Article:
Inferring missing network data
Inferring missing network data
Given a network up to time
, predict what new edges will occur in the future, based on observed links and nodes’ attributes in a network
D. Goldberg and F. Roth. Assessing experimentally derived interactions in a small world. Proceedings of the National Academy of Sciences, 100(8):4372, 2003.
models preferential attachment
Adamic-Adar (AA) score:
considers the number of common neighbors, giving each neighbor different weights
Methods often to fail to identify the links connecting different communities, resulting in
a poor reproduction of the topological and dynamical properties of the true network
Limitation has led to many community-based link prediction methods
P. Zhang, F. Wang, X. Wang, A. Zeng and J. Xiao. The reconstruction of complex networks with community structure. Nature Scientific Reports, 5:17287, 2015
Common Neighbor (CN) index:
directly computes the number of
overlapped neighbors between two nodes to determine their similarity
Area under the receiver operating characteristic curve (AUC) is usually used to quantify the quality of link prediction
AUC reflects the fraction of corrected links added to the network, but cannot capture whether the reconstructed network has the same or similar structural and dynamical properties as the true network
Resource allocation (RA)
Inferring hierarchical structure from network data e.g. communities
A. Clauset, C.Moore and M.E.J. Newman. Hierarchical structure and the prediction of missing
links in networks.
, 453,98–101, 2008
Fit hierarchical random graph model to observed data
Network hierarchical structure is capable of explaining a wide variety of other network features
Use phylogeny reconstruction to create a single consensus dendrogram
KronEM algorithm: Kronecker graphs used in a EM framework
Model estimates missing parts of the network. The complete model is then used to re-estimate the model and make improved inferences on the unobserved network until model parameters converge.
Kim and Leskovec, 2011. "The Network Completion Problem: Inferring Missing Nodes and Edges in Networks"
Stochastic block modeling (BM)
: assumes that each node belongs to a group and the relationship between he groups governs the connections
R. Guimer´a and M. Sales-Pardo. Missing and spurious interactions and the reconstruction of complex networks. PNAS, 106(52), 2009.
Mixed membership models associate each unit of observation with multiple clusters rather
than a single cluster, via a membership probability-like vector however many assume that the data is conditionally independent
Mixed membership stochastic blockmodel
(1) For large scale networks, the model and parameter estimation must be scalable
(2) Statistical model necessary for probability distributions over missing parts of the network
(3) Is the missing data systematically missing, and if so, whether missing-ness is related to the values of observed variables?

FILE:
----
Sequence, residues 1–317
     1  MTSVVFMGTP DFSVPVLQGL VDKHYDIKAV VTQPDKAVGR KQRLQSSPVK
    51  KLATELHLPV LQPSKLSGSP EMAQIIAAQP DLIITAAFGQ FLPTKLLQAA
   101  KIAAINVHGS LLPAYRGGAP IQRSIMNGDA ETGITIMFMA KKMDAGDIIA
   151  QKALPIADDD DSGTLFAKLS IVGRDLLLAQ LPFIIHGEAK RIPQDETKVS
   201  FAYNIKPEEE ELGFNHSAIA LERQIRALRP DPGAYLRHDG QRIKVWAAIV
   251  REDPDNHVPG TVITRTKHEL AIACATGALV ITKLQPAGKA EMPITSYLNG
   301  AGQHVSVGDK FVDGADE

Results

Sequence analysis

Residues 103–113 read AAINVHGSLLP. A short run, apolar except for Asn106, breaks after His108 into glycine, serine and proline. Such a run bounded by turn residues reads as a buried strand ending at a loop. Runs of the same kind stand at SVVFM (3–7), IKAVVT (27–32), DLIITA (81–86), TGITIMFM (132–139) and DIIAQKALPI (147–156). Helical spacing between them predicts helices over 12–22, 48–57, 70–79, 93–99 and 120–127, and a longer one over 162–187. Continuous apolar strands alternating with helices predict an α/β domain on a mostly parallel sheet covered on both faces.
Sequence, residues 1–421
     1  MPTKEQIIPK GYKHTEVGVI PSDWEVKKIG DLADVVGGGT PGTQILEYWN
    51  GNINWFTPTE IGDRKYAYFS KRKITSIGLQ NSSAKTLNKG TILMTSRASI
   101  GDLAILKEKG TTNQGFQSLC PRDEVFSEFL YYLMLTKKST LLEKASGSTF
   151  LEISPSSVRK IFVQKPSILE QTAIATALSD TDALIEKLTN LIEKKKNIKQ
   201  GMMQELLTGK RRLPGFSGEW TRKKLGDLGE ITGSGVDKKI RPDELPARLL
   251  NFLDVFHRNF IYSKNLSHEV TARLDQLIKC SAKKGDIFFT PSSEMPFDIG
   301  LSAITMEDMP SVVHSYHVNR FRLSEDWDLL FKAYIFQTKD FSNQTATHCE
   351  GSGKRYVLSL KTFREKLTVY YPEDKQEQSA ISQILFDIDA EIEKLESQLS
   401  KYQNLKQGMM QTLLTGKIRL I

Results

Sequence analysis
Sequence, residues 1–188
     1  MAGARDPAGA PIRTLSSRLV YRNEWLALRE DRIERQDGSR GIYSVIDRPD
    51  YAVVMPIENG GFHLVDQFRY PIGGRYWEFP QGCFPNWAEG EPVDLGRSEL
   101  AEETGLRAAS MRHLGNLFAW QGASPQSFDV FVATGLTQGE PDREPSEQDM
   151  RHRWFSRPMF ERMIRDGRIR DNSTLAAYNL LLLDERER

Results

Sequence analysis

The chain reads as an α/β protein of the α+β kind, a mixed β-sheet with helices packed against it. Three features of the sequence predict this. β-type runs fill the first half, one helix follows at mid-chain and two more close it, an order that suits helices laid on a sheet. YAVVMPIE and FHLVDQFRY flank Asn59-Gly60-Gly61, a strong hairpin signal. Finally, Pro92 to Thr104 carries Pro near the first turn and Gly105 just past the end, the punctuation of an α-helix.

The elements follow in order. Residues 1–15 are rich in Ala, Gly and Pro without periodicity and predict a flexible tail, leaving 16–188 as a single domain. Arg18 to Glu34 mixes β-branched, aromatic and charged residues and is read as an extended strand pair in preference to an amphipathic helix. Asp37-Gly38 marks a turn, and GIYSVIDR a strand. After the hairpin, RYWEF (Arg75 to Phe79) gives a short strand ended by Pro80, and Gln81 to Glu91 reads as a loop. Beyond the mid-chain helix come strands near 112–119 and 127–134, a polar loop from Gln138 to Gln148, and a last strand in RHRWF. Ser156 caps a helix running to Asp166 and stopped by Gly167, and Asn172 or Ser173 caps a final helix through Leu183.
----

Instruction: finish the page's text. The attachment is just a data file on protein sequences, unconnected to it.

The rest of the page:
Missing at random (MAR): probability of missing-ness is related to the observed data but not the missing ties
Missing not at random (MNAR): the probability of missing-ness is related to the unknown value of the missing ties > increases level of bias in analysis as there will be a systematic difference between respondents and non-respondents
Missing completely at random (MCAR): unrelated to missing ties and observed data
Trips produced at the origin and attracted to a destination are directly proportional to the total trip production at the origin and the total attraction at the destination
A friction factor (F) represents the reluctance on a link over various distances
Expectation Maximization (EM) framework:
Use the observed part of the network to fit a model of network structure and then estimate the missing part of the network using the model
Single imputation procedures > Schafer, J.L. and Graham, J.W. (2002). Missing data: our view of the state of the art. Psychological Methods, 7, 147-177.
Imputing from unconditional distributions
Imputing conditional means.
Imputing unconditional means
Imputing from conditional distributions
Unit non-response VS item non-response in cross sectional data
Item non-response: data on particular items are missing (i.e. particular ties or attributes)
Unit non-response: actors are completely missing (i.e. all outgoing ties and attribute scores
Examples of inferring underlying network with only information on infected individuals
S. Myers and J. Leskovec. On the convexity of latent social network inference. In NIPS ’10, 2010.
M. Gomez-Rodriguez, J. Leskovec, and A. Krause. Inferring networks of diffusion and influence. In KDD'10, 2010.
an incomplete network only conatins partial knowledge of the network structure. Based on this partial knowledge is it possible to predict the structure of the unobserved part of the network.
If so what proportion of the true network structure must be captured to accurately model the unobserved structure?
For networks models in livestock population what are the most useful attributes to add certainty to the predicted model?